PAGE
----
As for how easy or hard it is to get into graduate school, I don't know exactly. I only applied to top-tier schools in the US and I only got into one, but that may also be because I didn't score as high as I hoped on the physics GRE, among other factors. I didn't apply to any Canadian schools because their deadlines were all after the American schools' would get back to me, so I figured I'd see if I got shut out of the US before applying. Although I didn't apply, I did win an NSERC PGS M scholarship, and a few schools offered me admission on that bassis. A friend of mine got into basically any top-tier school in the US that he applied to. He did win a rather prestigious fellowship, which helped a lot in that case.

    Otherwise, SFU being a lesser known school probably isn't going to hurt that much. In Canada, it won't really make a difference. As for the US, you have to remember that there are lots and lots of lesser known schools in the US, and the top tier grad school programs aren't only filled up by people who went to Ivy League schools. If you have excellent research potential, good letters of recommendation and good grades, coming from SFU won't be a the single barrier to getting into a good grad school.

    (As for Waterloo, from what I've heard it's not close to Toronto or any interesting cities, which might make it kind of boring to live there. At least SFU is only a bus ride away from Vancouver)
     
  11. Sep 17, 2012 #10
    i agree with everything you said (especially the grey buildings haha). i am also glad you posted your experience because i will be attending SFU next fall. so thank you!
     
  12. Sep 17, 2012 #11

    Mute

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    One caveat I should mention is that I went through undergrad before the recent economic difficulties. Since then, the amount of funding from NSERC (the National Sciences and Engineering Research Council of Canada) has been reduced, so that may make for fewer NSERC Undergrad student research award positions. (But of course, keep in mind one can always apply to other schools to do NSERC USRAs).
     
  13. Sep 18, 2012 #12
    Thank you all so much your really helping me a lot.
    So far SFU sounds right about my way to go. A couple more questions that were brought up after Mutes' post.
    How is campus social life at SFU?
    You said its about 45m-1h away from "civilization" and obviously I get how that can be annoying. Was this something that affected life at SFU alot or was it just a little inconvenience?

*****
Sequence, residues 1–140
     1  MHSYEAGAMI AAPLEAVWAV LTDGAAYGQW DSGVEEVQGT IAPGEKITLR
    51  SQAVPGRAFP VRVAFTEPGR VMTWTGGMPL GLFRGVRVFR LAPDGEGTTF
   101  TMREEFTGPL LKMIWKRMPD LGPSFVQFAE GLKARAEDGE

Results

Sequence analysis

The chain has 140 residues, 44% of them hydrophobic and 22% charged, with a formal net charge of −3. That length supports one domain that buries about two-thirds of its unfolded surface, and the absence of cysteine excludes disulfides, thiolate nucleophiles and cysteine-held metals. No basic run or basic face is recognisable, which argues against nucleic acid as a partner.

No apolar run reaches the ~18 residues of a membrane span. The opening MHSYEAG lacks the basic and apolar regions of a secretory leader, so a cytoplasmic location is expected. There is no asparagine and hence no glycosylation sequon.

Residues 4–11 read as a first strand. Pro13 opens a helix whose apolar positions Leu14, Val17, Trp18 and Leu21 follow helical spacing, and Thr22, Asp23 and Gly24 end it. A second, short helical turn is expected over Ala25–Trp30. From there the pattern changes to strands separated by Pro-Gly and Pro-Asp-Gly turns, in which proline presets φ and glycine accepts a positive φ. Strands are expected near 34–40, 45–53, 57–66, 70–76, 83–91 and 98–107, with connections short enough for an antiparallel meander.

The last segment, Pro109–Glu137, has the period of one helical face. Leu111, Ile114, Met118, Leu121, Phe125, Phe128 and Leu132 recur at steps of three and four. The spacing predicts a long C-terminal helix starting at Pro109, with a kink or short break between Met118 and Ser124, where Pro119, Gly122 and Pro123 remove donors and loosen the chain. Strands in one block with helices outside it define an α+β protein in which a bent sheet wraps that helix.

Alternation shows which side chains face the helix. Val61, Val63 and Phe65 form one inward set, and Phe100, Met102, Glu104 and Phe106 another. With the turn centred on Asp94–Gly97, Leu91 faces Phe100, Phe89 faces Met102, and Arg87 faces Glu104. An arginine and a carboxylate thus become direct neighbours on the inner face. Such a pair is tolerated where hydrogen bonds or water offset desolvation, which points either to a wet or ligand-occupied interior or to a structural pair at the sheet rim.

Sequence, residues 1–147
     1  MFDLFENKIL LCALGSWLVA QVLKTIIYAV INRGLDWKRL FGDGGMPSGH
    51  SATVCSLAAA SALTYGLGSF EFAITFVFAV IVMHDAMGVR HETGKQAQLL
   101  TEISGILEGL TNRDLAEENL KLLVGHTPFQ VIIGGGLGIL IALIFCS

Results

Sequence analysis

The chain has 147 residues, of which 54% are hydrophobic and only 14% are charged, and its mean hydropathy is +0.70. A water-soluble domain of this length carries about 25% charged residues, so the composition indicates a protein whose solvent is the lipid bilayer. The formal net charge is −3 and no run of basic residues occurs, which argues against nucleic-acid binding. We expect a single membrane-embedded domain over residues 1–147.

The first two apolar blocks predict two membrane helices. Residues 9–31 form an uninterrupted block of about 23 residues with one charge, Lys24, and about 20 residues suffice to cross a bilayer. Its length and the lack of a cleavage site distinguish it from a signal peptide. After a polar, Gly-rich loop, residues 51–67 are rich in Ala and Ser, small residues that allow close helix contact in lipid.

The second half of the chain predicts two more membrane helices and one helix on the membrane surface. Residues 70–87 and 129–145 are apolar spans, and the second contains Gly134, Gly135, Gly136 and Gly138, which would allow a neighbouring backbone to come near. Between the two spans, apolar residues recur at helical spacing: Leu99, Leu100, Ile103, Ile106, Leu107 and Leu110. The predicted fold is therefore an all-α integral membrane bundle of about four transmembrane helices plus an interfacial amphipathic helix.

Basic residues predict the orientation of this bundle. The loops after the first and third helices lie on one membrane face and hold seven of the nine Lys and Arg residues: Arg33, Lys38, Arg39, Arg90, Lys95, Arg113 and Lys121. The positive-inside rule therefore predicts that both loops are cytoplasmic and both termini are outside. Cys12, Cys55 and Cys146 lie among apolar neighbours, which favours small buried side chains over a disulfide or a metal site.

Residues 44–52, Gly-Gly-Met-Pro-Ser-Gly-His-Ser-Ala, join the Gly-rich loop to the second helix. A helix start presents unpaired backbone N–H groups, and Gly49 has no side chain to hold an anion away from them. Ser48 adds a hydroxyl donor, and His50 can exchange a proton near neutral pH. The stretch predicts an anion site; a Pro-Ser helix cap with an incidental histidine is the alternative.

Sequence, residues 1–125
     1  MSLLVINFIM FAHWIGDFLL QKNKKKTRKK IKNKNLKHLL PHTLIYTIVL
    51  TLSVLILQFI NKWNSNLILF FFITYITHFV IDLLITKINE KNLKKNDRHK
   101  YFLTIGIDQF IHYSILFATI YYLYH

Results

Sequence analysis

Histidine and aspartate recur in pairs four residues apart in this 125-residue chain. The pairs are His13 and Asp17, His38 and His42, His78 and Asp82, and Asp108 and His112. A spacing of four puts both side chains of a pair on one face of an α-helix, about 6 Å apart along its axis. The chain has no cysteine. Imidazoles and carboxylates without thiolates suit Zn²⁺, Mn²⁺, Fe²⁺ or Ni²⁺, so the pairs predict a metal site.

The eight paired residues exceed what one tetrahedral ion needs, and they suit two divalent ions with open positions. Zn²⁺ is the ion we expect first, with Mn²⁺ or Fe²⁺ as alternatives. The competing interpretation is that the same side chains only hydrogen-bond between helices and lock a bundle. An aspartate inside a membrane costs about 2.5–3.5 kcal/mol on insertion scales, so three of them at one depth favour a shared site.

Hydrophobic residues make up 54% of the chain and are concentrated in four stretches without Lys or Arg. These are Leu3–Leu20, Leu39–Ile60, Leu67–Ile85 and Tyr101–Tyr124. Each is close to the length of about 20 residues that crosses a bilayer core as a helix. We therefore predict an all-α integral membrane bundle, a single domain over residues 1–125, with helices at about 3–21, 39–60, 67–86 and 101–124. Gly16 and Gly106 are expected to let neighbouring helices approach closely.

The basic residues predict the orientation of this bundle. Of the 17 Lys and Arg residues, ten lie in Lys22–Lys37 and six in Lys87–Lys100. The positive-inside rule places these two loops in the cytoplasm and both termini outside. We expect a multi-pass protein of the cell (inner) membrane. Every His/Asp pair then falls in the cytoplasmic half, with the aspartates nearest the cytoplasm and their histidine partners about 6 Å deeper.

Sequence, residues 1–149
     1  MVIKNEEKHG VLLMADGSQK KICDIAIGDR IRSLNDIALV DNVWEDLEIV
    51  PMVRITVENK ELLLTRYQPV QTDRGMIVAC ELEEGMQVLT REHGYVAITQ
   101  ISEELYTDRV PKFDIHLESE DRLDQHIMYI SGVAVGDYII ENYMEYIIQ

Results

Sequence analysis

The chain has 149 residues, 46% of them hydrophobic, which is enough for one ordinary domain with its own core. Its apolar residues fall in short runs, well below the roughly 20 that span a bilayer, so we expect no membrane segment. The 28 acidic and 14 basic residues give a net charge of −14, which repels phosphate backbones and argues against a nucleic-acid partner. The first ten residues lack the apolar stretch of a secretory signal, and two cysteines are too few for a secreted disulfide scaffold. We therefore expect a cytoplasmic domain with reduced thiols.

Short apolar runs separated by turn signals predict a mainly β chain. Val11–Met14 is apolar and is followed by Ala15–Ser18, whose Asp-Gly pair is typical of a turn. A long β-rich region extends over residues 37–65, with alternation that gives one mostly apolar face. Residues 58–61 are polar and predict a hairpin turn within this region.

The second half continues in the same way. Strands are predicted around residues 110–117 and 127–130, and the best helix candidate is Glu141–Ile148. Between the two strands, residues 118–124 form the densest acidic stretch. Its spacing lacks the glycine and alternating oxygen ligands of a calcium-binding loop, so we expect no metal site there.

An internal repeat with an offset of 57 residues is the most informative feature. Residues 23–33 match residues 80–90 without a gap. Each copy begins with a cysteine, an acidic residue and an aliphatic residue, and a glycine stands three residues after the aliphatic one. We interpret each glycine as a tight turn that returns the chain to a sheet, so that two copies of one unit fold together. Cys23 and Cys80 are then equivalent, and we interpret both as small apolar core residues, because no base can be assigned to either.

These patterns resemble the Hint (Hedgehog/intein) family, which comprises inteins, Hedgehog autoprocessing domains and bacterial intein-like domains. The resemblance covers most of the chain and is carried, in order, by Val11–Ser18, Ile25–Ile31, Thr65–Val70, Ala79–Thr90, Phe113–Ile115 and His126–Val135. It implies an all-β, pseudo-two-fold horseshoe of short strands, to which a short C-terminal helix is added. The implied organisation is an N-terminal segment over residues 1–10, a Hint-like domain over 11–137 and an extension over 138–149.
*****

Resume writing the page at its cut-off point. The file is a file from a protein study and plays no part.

I have to admit that right now I'm not such an out goer and I put less priority on stuff like that, but I figure it's never bad to get the whole picture.
     
  14. Sep 19, 2012 #13

    Mute

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    I think SFU is a place you should consider, but so far all you've had are people talking about SFU, so you should still look into some other universities.

    Campus social life at SFU... well, there's a pub on campus. The legal drinking age in BC is 19, so you won't be able to get in until your second year probably. There are various clubs on campus; I think there's usually a day where all of the clubs set up booths around the two main buildings and you can check them out and see if there are any that interest you. There's a nice gym on campus, too. If you live in the dorms on campus, each floor always has a "Community Advisor" who will organize events for your floor. Living on campus is an easy way to make new friends as long as you're willing to socialize with your neighbours. Recently an apartment village was built just off campus, so some people rent condos there instead. I don't know how things are in the apartments, but there are a couple of restaurants nearby, and a cafe. It's not far from campus at all.

    The campus isn't 45min-1 hour away from "civilization", just downtown Vancouver or Metrotown mall. Once you take the bus down to the skytrain station, Lougheed mall is only one skytrain stop away, and it's a decent-sized mall. It has a Walmart and a food court. Metrotown is just much bigger. There are also other places along the skytrain route you could go to, like a bowling ally or restaurants. There's also another pub called the Mountain Shadow (or something like that) a 5-15 min bus ride off the campus. (It's been a while, so I don't remember the actual timings very well). Essentially, there are plenty of places like restaurants within a half-hour or so that you can go there on weekday evenings if you feel like it. On weekends people will probably head all the way downtown to go to Stanley Park or just walk around, etc., for daytime activities. Unless a new club has been built, if people go clubbing it's only to clubs downtown. Buses run fairly late (til 2 am or 3am I think), so getting back to campus is usually not a problem.